“Stand Entirely on My Own Feet” Rose Wilder Lane's Literary Declarations of Independence
[T]he joy of freedom . . . comes to one afresh from a thousand little incidents. To go where one wants to go, when one wants to, without consulting any other person's needs or plans; to have no standing appointment, so that one may have companionship or solitude as one's mood dictates; in a word, to have nobody in one's life but one's self—that is both peace and exhilaration.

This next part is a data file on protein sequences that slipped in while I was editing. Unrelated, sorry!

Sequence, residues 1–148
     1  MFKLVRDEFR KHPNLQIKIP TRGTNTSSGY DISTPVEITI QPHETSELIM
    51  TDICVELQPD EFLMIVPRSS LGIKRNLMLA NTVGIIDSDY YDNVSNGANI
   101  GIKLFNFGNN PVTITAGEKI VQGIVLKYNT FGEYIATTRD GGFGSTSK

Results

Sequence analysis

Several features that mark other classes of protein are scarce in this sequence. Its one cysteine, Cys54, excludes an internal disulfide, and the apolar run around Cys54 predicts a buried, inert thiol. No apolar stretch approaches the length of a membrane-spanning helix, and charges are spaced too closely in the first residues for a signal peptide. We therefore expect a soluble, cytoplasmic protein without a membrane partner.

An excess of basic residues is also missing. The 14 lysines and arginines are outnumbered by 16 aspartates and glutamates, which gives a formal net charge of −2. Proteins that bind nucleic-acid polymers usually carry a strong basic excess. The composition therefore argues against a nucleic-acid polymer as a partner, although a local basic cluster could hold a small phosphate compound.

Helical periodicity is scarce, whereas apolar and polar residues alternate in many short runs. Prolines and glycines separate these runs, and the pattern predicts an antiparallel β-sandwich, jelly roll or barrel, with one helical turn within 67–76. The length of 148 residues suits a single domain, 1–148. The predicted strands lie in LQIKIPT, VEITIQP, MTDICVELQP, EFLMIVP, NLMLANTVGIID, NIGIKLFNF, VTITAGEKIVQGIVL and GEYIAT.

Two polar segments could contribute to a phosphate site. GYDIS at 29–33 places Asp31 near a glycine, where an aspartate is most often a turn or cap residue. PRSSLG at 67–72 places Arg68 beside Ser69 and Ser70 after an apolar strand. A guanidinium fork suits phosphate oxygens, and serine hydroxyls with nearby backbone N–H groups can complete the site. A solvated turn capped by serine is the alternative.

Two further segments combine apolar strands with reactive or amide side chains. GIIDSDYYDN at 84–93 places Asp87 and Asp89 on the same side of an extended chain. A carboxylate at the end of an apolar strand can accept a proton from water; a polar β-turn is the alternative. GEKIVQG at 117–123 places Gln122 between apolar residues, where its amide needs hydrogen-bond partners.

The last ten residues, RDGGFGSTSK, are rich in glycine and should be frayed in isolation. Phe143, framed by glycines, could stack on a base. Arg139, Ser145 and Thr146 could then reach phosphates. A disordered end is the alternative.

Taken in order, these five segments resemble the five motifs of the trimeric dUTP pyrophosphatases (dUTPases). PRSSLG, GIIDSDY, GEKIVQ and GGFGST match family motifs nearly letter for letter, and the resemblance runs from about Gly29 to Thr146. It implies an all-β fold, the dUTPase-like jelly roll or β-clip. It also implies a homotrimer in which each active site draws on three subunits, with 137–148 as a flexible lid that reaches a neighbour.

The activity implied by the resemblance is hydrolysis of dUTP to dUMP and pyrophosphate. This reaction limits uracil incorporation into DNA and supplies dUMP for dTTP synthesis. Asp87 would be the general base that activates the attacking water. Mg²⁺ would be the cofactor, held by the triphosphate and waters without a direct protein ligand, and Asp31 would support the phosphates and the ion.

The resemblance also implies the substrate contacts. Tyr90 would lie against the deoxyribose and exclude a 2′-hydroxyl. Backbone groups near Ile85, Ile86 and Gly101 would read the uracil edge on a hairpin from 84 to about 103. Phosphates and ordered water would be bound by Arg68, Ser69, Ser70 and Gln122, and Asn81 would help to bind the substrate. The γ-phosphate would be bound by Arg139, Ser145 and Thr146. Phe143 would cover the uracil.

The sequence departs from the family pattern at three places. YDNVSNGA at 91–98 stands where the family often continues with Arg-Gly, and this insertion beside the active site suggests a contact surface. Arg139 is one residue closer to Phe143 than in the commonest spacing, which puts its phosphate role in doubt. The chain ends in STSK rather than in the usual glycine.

—Rose Wilder Lane, “If I Could Live My Life Over Again”
She is a person of unbounded energy, sincere simplicities, of often profound intuitive thought, of insight and understanding. A woman with the rare mixture of good looks, unusual personality and common sense. You also soon discover that she is a person of amazing contradictions, fundamentally the sort of contradictions that make it possible for her to be a globetrotter and still remain a simple, homey woman.
—“At Home in the Ozarks, ” Kansas City Star, June 28, 1925
In 1935, one of the Saturday Evening Post's most popular authors, Rose Wilder Lane, composed an autobiographical sketch for readers